Making Sense of Snow Stability Tests – and How they Fit into Tour Planning

The results from a Shovel Tilt Test – the standard compression test could have missed the upper layer due to compressing or squishing it.


By BCA ambassador Josh Kling

Planning a ski tour can be complicated enough. From putting together a run list to selecting a backcountry hut, to dealing with human factors, there is a lot to deal with when putting together a successful tour. On top of all that, you need to deal with snow stability and snowpack tests while in the field?? In the back of your mind your wondering and worrying if these tests are correctly executed. False data could lead you to ski terrain you shouldn’t, OR it could keep you from skiing terrain that’s actually good to go.


Edge and the BCA team recently participated in Pro 1 avalanche training course, and part of the homework was to watch these videos presented by Bruce Jamieson of the Applied Snow and Avalanche Research Center (ASARC) at the University of Calgary.

There are numerous snow stability tests out there. While it is always possible to use a scroll saw to pound a nail into a wall, it’s not the best tool for the job. The same can be said for snow stability tests. Using the wrong test for the wrong avalanche problem is going to relay poor or inaccurate information. A perfect example is the very popular and well known compression test. This is often the go-to test when folks begin to dig in the snow. However, using the compression test to look at wind slabs would be the wrong use of the test. The same would be said for utilizing the ever more popular extended column test to look at a wet slab issue.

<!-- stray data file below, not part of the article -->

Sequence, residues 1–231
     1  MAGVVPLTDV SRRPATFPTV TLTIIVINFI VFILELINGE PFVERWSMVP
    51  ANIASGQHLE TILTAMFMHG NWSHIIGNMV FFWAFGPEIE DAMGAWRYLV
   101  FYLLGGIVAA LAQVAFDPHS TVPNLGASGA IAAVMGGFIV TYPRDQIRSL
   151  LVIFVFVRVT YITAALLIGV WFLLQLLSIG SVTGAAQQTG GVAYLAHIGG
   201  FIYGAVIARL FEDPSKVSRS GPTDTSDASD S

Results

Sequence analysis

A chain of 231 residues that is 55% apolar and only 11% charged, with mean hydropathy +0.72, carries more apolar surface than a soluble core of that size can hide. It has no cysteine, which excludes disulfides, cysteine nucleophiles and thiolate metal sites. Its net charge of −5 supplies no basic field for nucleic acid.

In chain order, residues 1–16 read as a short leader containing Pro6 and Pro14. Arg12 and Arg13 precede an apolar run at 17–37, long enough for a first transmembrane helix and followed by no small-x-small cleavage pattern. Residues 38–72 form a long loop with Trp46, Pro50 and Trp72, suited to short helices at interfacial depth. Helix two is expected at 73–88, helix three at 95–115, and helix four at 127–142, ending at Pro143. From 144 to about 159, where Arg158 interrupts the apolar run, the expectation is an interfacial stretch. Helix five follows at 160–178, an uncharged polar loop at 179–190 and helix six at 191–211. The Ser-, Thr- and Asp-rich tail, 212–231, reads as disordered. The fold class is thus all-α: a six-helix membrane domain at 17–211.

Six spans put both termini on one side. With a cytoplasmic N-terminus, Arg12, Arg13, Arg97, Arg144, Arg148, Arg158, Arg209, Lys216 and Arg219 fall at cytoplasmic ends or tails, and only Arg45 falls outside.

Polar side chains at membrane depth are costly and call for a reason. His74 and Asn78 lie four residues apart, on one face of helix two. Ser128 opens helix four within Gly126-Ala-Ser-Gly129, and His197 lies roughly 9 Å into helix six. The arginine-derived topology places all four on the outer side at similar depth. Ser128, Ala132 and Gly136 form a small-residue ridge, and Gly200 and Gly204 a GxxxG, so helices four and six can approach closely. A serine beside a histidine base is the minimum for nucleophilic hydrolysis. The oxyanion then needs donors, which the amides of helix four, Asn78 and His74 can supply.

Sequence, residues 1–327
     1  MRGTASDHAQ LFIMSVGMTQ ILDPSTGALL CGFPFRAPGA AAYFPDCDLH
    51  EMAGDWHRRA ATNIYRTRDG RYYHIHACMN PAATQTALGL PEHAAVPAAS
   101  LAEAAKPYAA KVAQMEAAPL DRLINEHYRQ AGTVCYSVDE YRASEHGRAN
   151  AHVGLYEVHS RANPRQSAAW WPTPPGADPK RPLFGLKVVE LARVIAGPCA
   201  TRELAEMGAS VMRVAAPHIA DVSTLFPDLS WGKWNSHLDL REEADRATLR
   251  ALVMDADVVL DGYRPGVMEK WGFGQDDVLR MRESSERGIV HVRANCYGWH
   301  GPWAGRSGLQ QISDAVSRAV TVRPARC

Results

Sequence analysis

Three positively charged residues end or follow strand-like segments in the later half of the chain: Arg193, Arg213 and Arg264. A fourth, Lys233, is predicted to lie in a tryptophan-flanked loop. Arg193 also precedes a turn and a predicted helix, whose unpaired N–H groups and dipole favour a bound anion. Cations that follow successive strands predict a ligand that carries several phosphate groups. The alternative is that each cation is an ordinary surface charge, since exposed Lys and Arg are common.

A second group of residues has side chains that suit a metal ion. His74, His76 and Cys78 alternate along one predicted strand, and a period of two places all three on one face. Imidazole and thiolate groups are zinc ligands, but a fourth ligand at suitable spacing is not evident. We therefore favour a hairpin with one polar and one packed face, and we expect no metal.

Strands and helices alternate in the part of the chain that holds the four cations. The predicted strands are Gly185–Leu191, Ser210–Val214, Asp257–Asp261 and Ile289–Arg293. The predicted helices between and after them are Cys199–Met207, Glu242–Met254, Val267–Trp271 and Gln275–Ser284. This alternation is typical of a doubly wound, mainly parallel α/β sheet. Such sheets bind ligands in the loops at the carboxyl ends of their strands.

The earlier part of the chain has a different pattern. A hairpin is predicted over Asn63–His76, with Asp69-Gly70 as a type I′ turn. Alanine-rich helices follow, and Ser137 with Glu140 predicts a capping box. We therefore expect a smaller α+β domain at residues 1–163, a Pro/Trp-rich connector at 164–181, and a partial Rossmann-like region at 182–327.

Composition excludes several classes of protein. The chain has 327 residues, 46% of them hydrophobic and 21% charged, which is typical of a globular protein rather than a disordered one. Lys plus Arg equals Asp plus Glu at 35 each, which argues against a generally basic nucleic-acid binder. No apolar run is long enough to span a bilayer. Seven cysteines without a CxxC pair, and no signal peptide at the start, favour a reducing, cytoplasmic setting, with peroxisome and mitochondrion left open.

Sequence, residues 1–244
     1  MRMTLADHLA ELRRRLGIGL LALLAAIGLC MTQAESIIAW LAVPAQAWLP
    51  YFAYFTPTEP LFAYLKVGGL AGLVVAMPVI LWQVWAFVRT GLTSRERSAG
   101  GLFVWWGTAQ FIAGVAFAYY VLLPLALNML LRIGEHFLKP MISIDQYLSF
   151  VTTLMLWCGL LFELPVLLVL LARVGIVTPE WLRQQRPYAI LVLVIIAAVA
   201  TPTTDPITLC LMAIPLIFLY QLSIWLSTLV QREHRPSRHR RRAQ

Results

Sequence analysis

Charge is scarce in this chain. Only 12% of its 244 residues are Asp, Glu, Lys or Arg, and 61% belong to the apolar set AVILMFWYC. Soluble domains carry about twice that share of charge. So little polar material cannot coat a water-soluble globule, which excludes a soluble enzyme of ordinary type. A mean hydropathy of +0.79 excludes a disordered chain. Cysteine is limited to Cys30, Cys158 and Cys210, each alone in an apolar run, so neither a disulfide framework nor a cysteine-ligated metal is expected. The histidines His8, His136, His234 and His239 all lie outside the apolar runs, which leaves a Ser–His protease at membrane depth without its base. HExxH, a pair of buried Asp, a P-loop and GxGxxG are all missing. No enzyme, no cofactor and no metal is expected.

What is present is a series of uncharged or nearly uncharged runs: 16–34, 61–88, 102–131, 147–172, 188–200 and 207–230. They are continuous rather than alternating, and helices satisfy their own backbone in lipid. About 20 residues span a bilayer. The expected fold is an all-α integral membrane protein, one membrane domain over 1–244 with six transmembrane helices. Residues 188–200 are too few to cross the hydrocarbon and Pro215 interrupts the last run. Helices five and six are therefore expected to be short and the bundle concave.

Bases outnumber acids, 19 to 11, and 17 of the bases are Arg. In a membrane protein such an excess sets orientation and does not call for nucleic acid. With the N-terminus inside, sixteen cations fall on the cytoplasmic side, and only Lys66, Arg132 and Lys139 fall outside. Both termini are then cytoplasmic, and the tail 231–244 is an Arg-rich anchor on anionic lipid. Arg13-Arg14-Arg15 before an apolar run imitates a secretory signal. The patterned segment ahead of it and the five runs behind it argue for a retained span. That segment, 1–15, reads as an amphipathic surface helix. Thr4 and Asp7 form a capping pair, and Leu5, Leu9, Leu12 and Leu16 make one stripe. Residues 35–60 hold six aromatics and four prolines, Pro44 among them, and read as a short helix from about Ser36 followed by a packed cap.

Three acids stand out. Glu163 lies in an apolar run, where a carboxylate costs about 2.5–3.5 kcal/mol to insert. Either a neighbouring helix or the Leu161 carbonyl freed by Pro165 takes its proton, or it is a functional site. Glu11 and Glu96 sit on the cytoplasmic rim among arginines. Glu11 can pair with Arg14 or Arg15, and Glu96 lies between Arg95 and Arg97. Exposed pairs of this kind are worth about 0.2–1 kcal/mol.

So before one pulls out their shovel and saw and begins to dig, they must first figure out what the current avalanche problem is. This is typically described every morning in the daily avalanche report.

A screenshot of a Colorado Avalanche Information Center (CAIC) forecast from December 23, 2016. This report shows two avalanche problems for the day: Persistent Slab and Storm Slab.

Once you know what the avalanche problem is, you can scroll down the AIARE Avalanche Observation and Reference Card and it shows you exactly what tests are relevant. This card also shows you exactly what constitutes a red flag for each test. Awesome!